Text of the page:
Wang X, VanValkenberg A, Odom-Mabey AR, Ellner JJ, Hochberg NS, Salgame P, Patil P, Johnson WE. Comparison of gene set scoring methods for reproducible evaluation of multiple tuberculosis gene signatures. bioRxiv. 2023 Jan 30. PMID: 36711818.Published on 1/3/2023
DiLorenzo MA, Davis MR, Dugas JN, Nelson KP, Hochberg NS, Ingalls RR, Mishuris RG, Schechter-Perkins EM. Performance of three screening tools to predict COVID-19 positivity in emergency department patients. Emerg Med J. 2023 Mar; 40(3):210-215. PMID: 36596666.Published on 1/1/2023
Knudsen S, Babu SP, Ramakrishnan J, Jenkins HE, Joseph N, Cintron C, Narasimhan PB, Salgame P, Hochberg NS, Hom DL, Ellner J, Horsburgh CR, Sarkar S. M. tuberculosis infection before, during and after pregnancy. Int J Tuberc Lung Dis. 2023 Jan 01; 27(1):72-74. PMID: 36853122.Published on 12/1/2022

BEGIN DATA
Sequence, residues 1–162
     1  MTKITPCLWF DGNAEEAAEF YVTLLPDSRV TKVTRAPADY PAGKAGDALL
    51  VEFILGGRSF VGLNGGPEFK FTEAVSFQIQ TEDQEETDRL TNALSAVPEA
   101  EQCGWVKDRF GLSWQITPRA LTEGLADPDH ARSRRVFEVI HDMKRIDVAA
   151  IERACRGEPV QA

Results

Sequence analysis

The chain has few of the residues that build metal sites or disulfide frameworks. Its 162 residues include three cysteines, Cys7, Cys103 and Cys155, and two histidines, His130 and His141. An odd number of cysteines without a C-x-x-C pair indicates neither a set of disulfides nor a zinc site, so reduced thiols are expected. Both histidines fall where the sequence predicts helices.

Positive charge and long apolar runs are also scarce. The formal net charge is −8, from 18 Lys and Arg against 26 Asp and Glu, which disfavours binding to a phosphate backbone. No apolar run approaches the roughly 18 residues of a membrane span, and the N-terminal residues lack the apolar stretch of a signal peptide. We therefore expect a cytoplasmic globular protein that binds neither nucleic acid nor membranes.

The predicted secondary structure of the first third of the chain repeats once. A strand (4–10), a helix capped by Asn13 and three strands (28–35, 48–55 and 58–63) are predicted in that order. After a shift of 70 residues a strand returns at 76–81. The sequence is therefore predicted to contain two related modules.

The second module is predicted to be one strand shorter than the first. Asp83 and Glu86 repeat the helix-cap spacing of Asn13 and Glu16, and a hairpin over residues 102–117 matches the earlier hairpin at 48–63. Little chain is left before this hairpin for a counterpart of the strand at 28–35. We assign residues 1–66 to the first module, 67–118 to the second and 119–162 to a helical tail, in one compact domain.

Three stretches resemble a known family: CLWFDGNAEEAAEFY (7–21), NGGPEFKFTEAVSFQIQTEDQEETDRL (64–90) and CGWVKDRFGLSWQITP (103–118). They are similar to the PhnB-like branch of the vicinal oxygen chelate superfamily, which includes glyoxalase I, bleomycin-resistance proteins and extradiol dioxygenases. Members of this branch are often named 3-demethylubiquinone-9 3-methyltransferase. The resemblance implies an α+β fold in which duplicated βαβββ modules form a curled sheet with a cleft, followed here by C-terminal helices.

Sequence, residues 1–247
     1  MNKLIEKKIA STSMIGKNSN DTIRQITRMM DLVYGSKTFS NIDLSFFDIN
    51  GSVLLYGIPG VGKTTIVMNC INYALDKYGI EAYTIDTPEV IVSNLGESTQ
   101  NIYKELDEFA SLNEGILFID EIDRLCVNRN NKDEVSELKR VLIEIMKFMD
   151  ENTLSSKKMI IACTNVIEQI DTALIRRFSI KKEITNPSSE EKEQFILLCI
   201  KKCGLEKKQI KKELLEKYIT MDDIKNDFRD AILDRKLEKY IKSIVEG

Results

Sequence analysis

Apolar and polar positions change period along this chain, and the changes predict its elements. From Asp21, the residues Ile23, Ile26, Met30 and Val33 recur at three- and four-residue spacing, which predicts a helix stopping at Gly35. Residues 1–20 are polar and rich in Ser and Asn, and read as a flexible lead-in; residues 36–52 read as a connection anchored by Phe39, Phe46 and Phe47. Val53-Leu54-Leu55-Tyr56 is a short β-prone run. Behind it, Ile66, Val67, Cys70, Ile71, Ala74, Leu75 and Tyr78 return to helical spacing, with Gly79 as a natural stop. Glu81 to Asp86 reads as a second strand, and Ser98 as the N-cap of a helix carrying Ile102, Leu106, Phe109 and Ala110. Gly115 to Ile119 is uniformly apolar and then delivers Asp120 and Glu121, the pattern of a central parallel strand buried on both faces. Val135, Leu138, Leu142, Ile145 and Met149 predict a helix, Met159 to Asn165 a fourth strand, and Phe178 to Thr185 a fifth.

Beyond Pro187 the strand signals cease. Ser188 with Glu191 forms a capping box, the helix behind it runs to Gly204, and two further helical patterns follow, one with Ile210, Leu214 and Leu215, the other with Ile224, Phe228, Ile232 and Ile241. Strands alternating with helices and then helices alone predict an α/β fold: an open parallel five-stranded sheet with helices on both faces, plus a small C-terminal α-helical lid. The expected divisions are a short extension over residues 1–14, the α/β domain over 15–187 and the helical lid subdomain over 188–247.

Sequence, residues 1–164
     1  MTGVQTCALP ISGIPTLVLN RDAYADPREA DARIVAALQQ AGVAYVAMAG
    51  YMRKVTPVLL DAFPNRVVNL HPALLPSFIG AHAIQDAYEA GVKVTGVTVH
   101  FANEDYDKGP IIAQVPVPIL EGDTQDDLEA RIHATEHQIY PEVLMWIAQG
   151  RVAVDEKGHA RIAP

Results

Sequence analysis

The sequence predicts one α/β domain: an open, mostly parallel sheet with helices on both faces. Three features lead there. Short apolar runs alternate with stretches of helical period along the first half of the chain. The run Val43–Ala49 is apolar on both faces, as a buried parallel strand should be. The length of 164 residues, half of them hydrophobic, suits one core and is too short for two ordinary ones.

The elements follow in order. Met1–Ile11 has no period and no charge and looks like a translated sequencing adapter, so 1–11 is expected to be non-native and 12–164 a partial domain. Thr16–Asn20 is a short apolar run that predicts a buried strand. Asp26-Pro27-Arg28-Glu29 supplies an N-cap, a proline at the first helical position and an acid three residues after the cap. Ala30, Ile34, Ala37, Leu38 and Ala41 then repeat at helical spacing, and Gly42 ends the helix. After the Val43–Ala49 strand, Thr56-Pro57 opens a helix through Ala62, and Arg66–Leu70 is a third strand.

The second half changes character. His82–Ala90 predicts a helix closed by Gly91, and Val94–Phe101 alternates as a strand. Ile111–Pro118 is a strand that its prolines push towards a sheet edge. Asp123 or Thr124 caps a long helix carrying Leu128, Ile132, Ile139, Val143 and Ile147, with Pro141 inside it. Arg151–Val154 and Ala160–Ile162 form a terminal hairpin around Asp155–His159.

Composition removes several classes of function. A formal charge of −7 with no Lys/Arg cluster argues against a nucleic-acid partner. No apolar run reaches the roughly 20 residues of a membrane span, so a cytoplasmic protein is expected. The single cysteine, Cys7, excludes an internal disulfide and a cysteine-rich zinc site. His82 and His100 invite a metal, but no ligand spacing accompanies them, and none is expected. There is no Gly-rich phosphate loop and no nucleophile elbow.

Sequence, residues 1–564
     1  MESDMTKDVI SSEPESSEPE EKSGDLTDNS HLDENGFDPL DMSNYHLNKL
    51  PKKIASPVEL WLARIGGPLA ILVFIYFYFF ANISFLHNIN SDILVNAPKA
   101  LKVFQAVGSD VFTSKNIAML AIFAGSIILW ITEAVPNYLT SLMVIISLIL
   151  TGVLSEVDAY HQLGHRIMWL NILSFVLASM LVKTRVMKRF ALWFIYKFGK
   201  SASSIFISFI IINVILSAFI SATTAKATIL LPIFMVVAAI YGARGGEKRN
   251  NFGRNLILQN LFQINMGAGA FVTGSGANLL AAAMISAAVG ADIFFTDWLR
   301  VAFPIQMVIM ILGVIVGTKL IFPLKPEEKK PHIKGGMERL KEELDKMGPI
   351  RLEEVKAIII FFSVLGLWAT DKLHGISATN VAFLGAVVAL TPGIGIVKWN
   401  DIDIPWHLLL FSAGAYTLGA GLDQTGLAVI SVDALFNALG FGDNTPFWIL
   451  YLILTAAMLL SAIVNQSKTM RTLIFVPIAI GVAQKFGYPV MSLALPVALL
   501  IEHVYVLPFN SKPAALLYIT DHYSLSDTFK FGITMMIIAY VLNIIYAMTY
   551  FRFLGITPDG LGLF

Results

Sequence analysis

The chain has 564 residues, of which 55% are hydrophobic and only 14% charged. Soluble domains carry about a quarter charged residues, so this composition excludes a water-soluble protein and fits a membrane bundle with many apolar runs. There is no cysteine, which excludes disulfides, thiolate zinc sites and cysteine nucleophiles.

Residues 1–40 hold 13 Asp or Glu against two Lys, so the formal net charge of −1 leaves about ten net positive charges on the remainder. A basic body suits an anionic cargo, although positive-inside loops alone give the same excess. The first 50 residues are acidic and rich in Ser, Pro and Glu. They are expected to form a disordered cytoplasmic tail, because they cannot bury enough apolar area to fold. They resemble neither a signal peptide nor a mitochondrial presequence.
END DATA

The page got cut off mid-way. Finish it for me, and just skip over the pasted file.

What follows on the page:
Van Egeren D, Stoddard M, Malakar A, Ghosh D, Acharya A, Mainuddin S, Majumdar B, Luo D, Nolan RP, Joseph-McCarthy D, White LF, Hochberg NS, Basu S, Chakravarty A. No magic bullet: Limiting in-school transmission in the face of variable SARS-CoV-2 viral loads. Front Public Health. 2022; 10:941773. PMID: 36530725.Published on 11/30/2022
Kalva J, Babu SP, Narasimhan PB, Raghupathy K, Ezhumalai K, Knudsen S, Horsburgh CR, Hochberg N, Salgame P, Roy G, Ellner J, Sarkar S. Predictors of weight loss during the intensive phase of tuberculosis treatment in patients with drug-susceptible pulmonary tuberculosis in South India. J Public Health (Oxf). 2022 Nov 30. PMID: 36451280.Published on 10/20/2022
VanValkenburg A, Kaipilyawar V, Sarkar S, Lakshminarayanan S, Cintron C, Babu SP, Knudsen S, Joseph NM, Horsburgh CR, Sinha P, Ellner JJ, Narasimhan PB, Johnson WE, Hochberg NS, Salgame P. Corrigendum: Malnutrition leads to increased inflammation and expression of tuberculosis risk signatures in recently exposed household contacts of pulmonary tuberculosis. Front Immunol. 2022; 13:1064883. PMID: 36341454.